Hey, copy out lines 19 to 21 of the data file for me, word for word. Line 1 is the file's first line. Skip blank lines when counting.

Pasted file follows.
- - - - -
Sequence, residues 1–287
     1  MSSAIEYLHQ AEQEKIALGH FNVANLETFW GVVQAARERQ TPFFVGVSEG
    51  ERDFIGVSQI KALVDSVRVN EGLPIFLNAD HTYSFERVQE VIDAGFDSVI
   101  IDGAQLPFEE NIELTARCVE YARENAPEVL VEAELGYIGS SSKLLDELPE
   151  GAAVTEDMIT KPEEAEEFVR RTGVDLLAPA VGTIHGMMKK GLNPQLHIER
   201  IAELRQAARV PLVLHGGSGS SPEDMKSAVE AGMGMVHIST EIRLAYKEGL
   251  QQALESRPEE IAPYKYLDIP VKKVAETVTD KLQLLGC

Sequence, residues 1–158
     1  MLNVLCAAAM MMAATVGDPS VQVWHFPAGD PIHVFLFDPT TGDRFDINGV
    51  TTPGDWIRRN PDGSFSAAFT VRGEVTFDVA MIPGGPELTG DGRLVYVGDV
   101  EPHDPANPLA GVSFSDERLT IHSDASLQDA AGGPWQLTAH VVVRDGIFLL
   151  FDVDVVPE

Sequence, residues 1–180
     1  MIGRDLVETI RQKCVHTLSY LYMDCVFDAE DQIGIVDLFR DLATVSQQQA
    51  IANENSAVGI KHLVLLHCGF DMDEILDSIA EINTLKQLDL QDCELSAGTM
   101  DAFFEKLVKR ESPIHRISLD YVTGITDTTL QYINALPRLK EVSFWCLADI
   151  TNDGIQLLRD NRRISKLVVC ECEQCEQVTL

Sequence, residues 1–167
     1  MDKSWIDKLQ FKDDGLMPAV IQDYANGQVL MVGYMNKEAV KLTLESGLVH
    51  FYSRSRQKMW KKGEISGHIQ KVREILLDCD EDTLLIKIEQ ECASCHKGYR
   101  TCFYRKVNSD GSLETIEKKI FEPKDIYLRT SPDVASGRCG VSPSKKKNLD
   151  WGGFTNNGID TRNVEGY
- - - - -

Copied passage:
     1  MDKSWIDKLQ FKDDGLMPAV IQDYANGQVL MVGYMNKEAV KLTLESGLVH
    51  FYSRSRQKMW KKGEISGHIQ KVREILLDCD EDTLLIKIEQ ECASCHKGYR
   101  TCFYRKVNSD GSLETIEKKI FEPKDIYLRT SPDVASGRCG VSPSKKKNLD